How expensive is it to perform the dereference operation on a pointer?
I can imagine that the memory transfer is somehow proportional to the object size, but I want to know how expensive the dereference operation part is.
Dereferencing, when translated into machine code, can mean different things depending on what you do with the dereferenced object. Accessing a single member of a class through a pointer is typically cheap. For example if c is a pointer to an instance of
class C with an
int member n then something like this:
int n = c->n;
Might translate into one or two machine instructions and might load a register with a single memory access.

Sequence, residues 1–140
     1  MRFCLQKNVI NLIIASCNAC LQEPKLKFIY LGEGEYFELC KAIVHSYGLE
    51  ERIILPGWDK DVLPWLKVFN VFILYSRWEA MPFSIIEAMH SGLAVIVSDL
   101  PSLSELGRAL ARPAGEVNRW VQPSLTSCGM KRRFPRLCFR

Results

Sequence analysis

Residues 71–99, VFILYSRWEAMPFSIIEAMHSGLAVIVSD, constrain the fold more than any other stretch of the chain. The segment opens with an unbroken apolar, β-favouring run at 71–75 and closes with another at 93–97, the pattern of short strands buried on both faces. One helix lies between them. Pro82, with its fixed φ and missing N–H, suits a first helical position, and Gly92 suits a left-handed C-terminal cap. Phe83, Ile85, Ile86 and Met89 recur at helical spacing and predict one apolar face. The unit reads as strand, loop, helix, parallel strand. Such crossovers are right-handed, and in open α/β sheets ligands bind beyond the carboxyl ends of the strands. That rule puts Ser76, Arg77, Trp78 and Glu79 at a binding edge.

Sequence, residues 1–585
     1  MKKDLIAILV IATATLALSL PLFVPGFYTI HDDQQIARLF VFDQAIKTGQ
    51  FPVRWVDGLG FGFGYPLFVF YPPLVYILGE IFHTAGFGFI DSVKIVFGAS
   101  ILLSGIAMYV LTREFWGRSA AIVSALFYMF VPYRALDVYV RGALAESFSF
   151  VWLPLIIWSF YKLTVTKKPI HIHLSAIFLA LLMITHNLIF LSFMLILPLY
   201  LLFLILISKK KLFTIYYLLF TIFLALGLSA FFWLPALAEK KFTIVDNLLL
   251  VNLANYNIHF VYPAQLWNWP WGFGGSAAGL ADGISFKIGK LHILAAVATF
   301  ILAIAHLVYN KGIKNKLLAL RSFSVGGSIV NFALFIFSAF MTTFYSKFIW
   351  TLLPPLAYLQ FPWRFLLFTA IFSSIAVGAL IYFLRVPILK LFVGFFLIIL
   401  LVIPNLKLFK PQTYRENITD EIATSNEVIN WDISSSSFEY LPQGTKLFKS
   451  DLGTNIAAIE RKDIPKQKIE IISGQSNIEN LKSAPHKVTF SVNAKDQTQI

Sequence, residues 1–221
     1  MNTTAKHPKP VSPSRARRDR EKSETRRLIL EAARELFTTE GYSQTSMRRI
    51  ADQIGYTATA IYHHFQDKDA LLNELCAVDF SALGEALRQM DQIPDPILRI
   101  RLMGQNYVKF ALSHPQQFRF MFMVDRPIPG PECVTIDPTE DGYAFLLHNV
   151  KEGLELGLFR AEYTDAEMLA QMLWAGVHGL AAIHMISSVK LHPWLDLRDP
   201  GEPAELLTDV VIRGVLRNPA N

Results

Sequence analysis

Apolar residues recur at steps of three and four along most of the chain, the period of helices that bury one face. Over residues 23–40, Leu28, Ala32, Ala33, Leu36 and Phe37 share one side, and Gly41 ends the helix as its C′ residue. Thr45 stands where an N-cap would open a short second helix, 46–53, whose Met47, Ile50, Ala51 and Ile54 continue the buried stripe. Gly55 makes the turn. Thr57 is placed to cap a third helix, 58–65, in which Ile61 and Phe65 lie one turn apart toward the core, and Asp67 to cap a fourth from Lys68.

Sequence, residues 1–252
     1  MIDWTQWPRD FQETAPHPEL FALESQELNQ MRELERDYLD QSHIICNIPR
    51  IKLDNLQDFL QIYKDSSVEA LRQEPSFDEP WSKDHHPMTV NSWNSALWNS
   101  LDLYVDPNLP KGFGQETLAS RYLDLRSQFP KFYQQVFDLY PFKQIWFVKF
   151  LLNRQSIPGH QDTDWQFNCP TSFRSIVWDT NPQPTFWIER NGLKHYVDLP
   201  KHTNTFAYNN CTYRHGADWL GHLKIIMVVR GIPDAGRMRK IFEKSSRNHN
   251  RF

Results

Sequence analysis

On the other hand this implies making a complete copy of the object pointed to by c:
C d = *c;
The cost of this will depend on the size of C, but note that it is the copy that is the major expense and the 'dereference' part is really just 'using' the pointer address in the copy instructions.
Note that accessing members of large objects typically requires pointer offset calculation and memory access whether or not the object is a local object or not. Typically only very small objects are optimized to live only in registers.
If you are concerned about the cost of pointers over references then don't be. The difference between these are a language semantics difference and by the time the machine code is generated pointer and reference access look exactly the same.